Senator Joel Villanueva also expressed dismay over the decision. "Again, I stand with our Constitution that the only means to remove the CJ is through impeachment," he said.
Senator Paolo Benigno Aquino IV said in Filipino that with the SC ruling, "the public was denied the right to know and scrutinize the case."
Senator Juan Edgardo Angara said the 8-6 vote on the quo warranto petition reflected a "divided court" which "means the ruling may not be a stable one and may be subject to revision going forward."
"I do not agree with the decision because impeachment is the only constitutional route for removal of a CJ but acknowledge that the Court has spoken," he added.
Angara expressed hope that "wisdom and sobriety" would prevail, in the event that the ruling becomes final and excutory.
"The ripple effect of the decision may be felt in the coming months and years. I pray that wisdom and sobriety prevail in the future for the good of the country and our people," he said.
Senator Joseph Victor “JV” Ejercito viewed the ruling “as an encroachment on the exclusive right of Congress to impeach and try impeachable officers.”
“Regardless of one’s position with respect to the charges against the Chief Justice, what is alarming is the blatant disregard of the highest law of the land,” Ejercito said.
The senator urged the people to “remain calm” in the face of the development. “Despite this setback let us not lose our confidence in our democracy. Our institutions and our people have, on many occasions, demonstrated their resiliency in the face of assaults on our democracy,” he said.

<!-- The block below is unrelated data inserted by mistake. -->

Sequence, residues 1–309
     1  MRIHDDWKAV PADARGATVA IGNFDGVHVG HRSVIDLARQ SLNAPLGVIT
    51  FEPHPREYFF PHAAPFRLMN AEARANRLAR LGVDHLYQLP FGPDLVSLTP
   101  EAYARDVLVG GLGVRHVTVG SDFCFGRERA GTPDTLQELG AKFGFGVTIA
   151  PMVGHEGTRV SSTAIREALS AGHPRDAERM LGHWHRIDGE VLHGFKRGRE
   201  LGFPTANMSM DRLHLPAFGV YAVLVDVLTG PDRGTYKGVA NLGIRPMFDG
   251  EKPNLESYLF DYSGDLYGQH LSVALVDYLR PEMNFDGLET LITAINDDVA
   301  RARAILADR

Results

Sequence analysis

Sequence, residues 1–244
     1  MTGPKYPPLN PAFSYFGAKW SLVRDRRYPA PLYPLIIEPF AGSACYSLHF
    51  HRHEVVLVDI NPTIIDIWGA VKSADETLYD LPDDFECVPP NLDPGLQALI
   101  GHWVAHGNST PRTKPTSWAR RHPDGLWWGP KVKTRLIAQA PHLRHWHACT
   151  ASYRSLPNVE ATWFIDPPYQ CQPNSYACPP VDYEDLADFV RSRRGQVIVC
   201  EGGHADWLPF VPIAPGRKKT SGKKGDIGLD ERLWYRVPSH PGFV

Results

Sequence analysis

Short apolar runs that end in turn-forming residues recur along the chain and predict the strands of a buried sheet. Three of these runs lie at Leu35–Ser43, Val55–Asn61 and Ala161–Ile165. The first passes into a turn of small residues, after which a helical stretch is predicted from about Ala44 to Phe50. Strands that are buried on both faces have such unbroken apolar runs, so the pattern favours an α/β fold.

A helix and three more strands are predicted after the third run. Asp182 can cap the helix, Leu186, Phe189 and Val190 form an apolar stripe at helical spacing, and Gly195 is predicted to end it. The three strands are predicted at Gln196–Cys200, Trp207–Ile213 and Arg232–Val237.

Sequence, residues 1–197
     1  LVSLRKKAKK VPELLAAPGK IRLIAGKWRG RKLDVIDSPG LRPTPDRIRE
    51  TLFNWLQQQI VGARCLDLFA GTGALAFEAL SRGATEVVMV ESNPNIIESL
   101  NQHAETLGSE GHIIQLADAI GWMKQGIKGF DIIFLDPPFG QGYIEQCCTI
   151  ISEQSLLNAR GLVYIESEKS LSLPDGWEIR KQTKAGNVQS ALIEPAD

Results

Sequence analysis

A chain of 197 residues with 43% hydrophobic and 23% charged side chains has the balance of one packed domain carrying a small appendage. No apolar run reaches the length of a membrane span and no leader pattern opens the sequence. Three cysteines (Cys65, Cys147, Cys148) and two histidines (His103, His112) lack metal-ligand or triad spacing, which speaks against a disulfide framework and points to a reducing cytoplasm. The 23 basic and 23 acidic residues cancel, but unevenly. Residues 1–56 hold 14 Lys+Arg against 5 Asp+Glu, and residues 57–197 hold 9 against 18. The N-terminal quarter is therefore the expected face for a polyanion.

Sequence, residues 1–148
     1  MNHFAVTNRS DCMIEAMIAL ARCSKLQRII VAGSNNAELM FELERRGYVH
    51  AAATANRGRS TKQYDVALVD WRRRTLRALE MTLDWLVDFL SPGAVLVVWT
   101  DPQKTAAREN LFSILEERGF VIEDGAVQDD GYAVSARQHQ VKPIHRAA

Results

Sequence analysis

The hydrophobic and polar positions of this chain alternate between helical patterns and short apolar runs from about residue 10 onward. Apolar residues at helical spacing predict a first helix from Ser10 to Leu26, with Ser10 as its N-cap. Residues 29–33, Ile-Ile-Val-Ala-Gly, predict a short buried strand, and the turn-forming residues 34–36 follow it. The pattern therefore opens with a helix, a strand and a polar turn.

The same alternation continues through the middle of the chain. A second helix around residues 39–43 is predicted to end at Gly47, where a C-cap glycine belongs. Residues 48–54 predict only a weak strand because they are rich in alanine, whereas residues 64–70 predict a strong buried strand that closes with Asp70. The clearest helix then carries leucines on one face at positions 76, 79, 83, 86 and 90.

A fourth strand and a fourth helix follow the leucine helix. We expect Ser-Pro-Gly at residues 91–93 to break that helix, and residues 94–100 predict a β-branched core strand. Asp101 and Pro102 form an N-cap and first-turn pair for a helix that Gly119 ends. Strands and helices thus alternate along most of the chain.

Public sentiment vs ruling
Senator Panfilo Lacson said the ones who stand to gain the most from the decision are the "incompetent lawyers" who would have been fully exposed if the impeachment trial pushed through.
"Ang biggest ‘winners’ sa SC decision ay ang mga abogadong pulpol na handa sanang magkalat ng katangahan sa impeachment trial na hindi na mangyayari dahil malamang hindi na ipadala ng House ang Articles of Impeachment sa Senado," Lacson said.
(The biggest "winners" in the SC decision are the incompetent lawyers who would have been prepared to show off their stupidity at the impeachment trial that will not happen because the House is not likely to transmit the Articles of Impeachment to the Senate.)
Senator Francis Pangilinan said in another statement that the SC justices who favored the quo warranto petition “disrespected” the Constitution, as he urged the people to show their displeasure with the decision.
“Pambabastos sa Saligang Batas ang ginawa ng mayorya sa Supreme Court....Dapat mag file ng motion for reconsideration. Dapat maipamalas ng taumbayan sa korte na mali ang pasya at hindi katanggap-tanggap,” Pangilinan said.
(The Supreme Court majority disrepsected the Constitution....A motion for reconsideration should be filed. The people should show the Court that the vote is wrong and unacceptable.)
He said in Filipino what the Court vote showed is that “numbers and power overpower respect for the law," and indicated "concern" that the impeachment would not prosper in the Senate.
"Nangangamba sila na maaring wala silang sapat na boto sa Senado kaya nila pinwersa ang bulok at basurang argumento. Hindi dito natatapos ang usapin na ito. Dapat igiit ng Kongreso ang kanyang tungkulin at obligasyon sa ilalim ng Saligang Batas na nagsasaad na tanging sa impeachment lang ang maaring paraan na patalsikin ang isang Ciuef Justice," Pangilinan said.
(They feared that they may not have enough votes in the Senate so they forced their garbage argument. This issue does not stop here. Congress would assert its duty and obligation under the Constitution which states that the Chief Justice can only be removed through impeachment.)